After Viktor Orban and Matteo Salvini, Sebastian Kurz enters more and more in the anti-immigration parade. His voice has been even more strengthened since his country, Austria, took over the Presidency of the Council of the European Union last Sunday.
1st of July is indeed always a turning point (at least a symbolic one) for the European Union. The Austrian Presidency followed the Bulgarian one. What happened during the six months of the Bulgarian Presidency, led by Boyko Borisov (the Bulgarian Prime Minister) under the mantra of a Europe of “solidarity”?
Bulgarian Presidency: the pending reform of the Istanbul Convention
No fewer than 1500 meetings and events were organised by the departing Presidency. While some topics such as energy efficiency or the rapprochement between the EU and the Balkans advanced successfully (for instance during the Sofia summit on 17 May), another one was left on the sidelines: the Istanbul Convention.
Malin Björk, Swedish MEP from the European United Left (GUE), who initiated the parliamentary debate on this Convention of the Council of Europe, called the Bulgarian boycott of the parliamentary discussions a “cruel, sexist and homophobic attack against women and the LGBT community”. This convention, recently ratified by Greece (18 June) and Croatia (12 June) aims at fighting violence against women, but Bulgaria, just like Slovakia, where the family model remains traditionalist, considered it as a Trojan horse aiming at introducing a “third gender” or same-sex marriage.
Finally, it goes without saying that Boyko Borisov probably teared up while clearing his desk. Despite his promise of more solidarity in Europe, the last events in the Mediterranean proved the contrary.
Sebastian Kurz, Austrian political actor, but soon European
The order in which the countries take over the Presidency is set by the Council of ministers itself. While Boyko Borisov is moving to Sofia, Sebastian Kurz arrives with his slogan “A Europe that protects”. A Europe that protects from migrations, probably. The young Austrian Prime Minister (he’s 31) succeeded in establishing himself on the Austrian political scene in October 2017 after a campaign for the legislative elections focused on migration policy. Barely a year ago, he was a second-rank actor of the coalition government with the social-democrat party (SPÖ), where he was in charge of Foreign Affairs. Now, his position is not only strengthened in Austria beside the extreme right (FPÖ) but also on the European political scene.
To conduct his Presidency of the Council, he doesn’t lack inventiveness or ambitions. Sebastian Kurz did not hesitate (and won’t hesitate) to put Angela Merkel in a difficult position, and criticised her for an overly indulgent migration policy in 2015. The German Chancellor was already weakened in Germany by her Interior minister, the leader of the Bavarian CSU Horst Seehofer, who threatened to resign a couple of days ago.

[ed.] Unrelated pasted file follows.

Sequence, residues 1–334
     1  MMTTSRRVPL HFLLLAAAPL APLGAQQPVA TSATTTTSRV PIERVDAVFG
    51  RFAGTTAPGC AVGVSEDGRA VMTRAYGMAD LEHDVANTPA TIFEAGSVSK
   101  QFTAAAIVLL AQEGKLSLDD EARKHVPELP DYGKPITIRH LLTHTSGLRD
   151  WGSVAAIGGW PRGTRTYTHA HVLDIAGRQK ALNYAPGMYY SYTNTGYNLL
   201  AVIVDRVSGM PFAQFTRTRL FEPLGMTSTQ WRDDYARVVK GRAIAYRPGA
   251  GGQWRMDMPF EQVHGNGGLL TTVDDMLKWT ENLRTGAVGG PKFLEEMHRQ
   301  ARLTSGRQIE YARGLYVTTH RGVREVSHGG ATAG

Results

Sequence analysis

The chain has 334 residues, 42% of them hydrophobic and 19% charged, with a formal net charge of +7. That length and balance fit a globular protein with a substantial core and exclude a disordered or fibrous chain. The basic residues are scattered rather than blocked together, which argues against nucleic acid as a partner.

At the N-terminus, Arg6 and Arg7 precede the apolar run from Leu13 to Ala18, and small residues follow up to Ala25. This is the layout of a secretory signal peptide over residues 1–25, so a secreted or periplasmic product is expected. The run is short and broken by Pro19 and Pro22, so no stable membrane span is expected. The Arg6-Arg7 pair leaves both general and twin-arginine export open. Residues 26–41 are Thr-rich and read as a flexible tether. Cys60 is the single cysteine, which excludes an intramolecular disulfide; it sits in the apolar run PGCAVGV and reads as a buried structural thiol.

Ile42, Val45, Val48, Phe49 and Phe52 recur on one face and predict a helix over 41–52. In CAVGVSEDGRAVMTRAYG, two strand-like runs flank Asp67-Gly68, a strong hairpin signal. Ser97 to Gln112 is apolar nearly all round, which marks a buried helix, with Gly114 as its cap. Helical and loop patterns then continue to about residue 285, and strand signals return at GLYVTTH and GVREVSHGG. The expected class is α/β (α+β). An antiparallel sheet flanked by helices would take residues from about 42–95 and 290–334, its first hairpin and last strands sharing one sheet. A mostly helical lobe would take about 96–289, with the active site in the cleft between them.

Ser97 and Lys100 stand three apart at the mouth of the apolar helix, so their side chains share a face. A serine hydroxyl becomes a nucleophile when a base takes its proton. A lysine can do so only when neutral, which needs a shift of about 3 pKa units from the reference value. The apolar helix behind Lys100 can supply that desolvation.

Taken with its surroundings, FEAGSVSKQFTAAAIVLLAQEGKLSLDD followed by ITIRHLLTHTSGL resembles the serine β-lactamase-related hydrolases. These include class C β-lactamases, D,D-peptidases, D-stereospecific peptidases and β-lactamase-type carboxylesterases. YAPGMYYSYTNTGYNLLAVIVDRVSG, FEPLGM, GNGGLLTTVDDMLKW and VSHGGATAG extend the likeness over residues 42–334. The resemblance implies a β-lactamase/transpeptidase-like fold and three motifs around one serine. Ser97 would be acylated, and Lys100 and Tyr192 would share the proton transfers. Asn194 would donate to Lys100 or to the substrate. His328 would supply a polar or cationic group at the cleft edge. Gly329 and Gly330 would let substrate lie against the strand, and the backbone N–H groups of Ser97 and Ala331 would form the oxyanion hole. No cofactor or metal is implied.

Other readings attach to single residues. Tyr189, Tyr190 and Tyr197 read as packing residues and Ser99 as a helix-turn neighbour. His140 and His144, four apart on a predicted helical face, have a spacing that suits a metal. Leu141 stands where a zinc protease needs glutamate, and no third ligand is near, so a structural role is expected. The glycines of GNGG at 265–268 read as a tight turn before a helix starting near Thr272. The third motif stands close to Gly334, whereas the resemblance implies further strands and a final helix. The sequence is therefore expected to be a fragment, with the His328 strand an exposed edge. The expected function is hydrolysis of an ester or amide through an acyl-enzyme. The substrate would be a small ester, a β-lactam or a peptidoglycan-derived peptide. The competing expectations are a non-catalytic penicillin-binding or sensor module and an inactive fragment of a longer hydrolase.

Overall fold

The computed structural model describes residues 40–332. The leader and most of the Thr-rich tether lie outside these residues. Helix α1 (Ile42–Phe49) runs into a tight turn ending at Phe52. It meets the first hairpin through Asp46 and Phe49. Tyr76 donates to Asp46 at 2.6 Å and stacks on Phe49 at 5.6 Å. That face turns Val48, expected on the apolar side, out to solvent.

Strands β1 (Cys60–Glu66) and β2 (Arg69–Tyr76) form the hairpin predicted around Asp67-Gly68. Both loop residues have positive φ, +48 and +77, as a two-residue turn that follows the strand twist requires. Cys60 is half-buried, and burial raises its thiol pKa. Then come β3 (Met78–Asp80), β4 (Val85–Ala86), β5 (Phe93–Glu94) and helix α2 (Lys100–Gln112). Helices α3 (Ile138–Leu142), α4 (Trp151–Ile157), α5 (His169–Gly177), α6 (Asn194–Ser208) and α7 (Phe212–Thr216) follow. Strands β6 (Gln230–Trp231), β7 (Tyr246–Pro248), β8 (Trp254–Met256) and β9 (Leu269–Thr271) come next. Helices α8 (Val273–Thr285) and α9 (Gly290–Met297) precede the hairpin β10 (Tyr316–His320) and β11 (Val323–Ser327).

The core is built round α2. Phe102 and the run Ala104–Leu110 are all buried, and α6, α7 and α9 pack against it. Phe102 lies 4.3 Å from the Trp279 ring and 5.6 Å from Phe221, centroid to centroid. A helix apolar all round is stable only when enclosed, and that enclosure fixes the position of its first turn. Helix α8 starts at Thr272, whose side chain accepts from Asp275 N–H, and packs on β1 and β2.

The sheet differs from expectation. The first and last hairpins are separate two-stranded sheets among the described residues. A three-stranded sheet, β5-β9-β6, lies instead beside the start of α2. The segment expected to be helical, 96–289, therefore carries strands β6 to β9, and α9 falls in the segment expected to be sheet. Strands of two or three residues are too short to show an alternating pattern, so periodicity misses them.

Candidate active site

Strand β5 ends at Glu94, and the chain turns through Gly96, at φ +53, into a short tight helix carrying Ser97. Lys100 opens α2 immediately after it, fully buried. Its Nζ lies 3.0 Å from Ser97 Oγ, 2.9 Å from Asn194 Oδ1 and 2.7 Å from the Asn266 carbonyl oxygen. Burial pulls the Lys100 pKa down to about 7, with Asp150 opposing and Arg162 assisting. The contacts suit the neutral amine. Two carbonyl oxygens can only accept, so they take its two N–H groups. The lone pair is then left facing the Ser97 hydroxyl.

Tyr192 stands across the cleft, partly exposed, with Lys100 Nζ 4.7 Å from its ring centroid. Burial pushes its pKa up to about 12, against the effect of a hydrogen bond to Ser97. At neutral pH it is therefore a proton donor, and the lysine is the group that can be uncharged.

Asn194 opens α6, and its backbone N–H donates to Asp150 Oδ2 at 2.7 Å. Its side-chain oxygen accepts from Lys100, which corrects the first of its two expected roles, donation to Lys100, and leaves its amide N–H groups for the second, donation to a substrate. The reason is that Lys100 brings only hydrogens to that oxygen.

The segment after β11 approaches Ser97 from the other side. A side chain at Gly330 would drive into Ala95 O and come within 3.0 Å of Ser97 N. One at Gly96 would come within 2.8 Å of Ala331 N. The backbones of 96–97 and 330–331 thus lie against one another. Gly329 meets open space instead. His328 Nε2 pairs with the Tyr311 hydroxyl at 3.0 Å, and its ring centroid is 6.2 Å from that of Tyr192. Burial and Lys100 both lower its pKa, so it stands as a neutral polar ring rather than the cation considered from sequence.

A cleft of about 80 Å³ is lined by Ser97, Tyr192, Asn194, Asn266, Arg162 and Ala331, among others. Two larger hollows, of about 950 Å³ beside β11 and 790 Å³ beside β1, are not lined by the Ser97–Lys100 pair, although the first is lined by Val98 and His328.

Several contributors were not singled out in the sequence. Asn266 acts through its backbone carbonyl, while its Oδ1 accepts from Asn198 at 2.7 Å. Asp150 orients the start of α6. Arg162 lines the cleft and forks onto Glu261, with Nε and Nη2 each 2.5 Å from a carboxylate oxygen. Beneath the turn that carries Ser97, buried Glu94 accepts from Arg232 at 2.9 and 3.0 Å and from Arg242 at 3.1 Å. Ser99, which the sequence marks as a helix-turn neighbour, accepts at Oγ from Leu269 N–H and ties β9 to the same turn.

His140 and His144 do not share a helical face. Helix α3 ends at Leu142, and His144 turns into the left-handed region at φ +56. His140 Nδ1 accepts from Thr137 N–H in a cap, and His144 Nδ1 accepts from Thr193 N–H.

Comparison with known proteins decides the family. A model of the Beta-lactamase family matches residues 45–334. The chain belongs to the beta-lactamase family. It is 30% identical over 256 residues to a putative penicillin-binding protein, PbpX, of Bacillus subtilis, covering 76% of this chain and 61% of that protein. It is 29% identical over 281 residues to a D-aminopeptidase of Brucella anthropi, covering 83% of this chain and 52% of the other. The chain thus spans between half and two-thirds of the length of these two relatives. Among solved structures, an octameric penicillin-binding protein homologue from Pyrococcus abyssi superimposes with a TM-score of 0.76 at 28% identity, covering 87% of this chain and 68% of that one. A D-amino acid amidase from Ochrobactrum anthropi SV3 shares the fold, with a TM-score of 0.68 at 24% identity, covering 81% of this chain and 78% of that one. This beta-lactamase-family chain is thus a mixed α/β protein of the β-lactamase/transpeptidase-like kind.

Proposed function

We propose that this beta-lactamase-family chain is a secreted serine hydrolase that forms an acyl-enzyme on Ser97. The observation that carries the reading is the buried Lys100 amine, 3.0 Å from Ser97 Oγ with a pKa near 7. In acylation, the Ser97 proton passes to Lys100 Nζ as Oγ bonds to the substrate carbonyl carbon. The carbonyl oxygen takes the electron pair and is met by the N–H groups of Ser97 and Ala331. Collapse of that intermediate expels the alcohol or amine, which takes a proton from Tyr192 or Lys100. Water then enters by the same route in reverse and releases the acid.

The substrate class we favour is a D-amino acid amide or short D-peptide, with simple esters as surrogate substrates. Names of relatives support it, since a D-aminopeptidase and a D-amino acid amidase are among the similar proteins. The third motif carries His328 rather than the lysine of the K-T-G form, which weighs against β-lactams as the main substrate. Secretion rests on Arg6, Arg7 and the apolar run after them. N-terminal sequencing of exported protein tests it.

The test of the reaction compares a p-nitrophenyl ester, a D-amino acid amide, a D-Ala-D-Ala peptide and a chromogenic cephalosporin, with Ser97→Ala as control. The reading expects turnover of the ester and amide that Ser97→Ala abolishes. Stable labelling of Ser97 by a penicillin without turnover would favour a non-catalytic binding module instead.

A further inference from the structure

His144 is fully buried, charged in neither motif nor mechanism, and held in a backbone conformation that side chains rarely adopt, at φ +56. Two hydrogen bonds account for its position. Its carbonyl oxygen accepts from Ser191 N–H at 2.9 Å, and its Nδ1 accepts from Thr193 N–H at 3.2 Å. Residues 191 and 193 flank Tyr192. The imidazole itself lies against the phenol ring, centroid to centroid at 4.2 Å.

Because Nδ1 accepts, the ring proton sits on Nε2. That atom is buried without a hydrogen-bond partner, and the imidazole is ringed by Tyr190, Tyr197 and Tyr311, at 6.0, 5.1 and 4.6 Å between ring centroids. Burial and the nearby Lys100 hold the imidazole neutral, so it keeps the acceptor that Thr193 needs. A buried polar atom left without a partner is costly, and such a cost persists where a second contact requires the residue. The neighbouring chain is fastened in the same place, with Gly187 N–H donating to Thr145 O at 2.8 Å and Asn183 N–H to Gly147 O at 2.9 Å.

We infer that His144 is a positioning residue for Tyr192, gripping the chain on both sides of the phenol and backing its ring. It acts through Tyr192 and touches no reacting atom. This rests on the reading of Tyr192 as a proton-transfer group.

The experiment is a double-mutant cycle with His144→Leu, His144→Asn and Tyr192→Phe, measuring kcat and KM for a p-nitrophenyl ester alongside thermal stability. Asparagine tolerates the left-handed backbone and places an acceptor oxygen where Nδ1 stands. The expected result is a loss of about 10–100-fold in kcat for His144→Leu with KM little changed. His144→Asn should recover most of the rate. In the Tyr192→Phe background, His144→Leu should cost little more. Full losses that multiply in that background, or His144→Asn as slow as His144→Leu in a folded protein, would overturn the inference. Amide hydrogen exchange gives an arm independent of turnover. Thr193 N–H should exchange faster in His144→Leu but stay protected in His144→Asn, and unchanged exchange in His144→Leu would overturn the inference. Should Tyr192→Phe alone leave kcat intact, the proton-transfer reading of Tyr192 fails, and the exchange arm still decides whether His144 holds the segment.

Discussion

Retention centres for migrants in Europe
Regarding migration policy, European news were busy last week. The Aquarius was finally received by Spain after being turned away by Italy. A crisis summit on migration issues was organised in Brussels in preparation of the European Council of 28-19 June. A report of the French NGO Cimade denounced a “Europe that closes itself off”. The conclusions of the European summit proposed the creation of immigrant reception centers, but France and Austria refused to have one on their territory. Against a backdrop of European migration crisis, everything leads to believe that this policy won’t be set aside by Vienna. The conservative coalition government, with Sebastian Kurz’ far right, would like to set up retention camps to prevent economic migrants from entering the EU. This worrying proposition was known in all of Europe.
On 5 June, Sebastian Kurz met the liberal Danish Prime Minister Lars Lokke Rasmussen. They discussed an alternative to the European political deadlock regarding immigration, the one of the Dublin Regulation – which sets up the “first country rule”, establishing that the country of arrival is responsible for the examination of the asylum application – and of refugee quotas defined according to the size and GDP of the member state. This bilateral meeting harms multilateralism. The idea to create common centers of reception and expulsion in Europe resulted from their talks. This proposition might be baffling for many, and distances itself from the EU values enacted in the article 2 of the Lisbon Treaty.
The day following this visit, Sebastian Kurz went to Brussels to hand in a 66-page document recording his priorities for the Presidency of the Council. He proposed to set up in EU candidate countries (Albania and Kosovo) retention camps for migrants whose asylum applications were rejected, and these countries could hardly refuse considering the incentive of an accelerated EU accession process. The Austrian leader explained his position to Jean-Claude Juncker, and pointed out that this proposition was phrased by a “restricted circle of European countries”, prepared at the edges of the EU–Balkans summit in Sofia.
It’s for the best if Sebastian Kurz does not consider this project as the priority of his European mandate, because a political reform of the right to asylum is a sine qua non condition in Europe. One shouldn’t forget that the problem lies less in the number of refugees in Europe than in the evident lack of political consensus within the EU. In any case, a deep reform of the Dublin Regulation will have to be a priority, just like the abrogation of the quota system – many member states flouted this distribution system anyway. With this new Presidency, would it be possible to stop the European ostrich-like approach which reached its height when the shameful EU – Turkey agreement was concluded in 2016?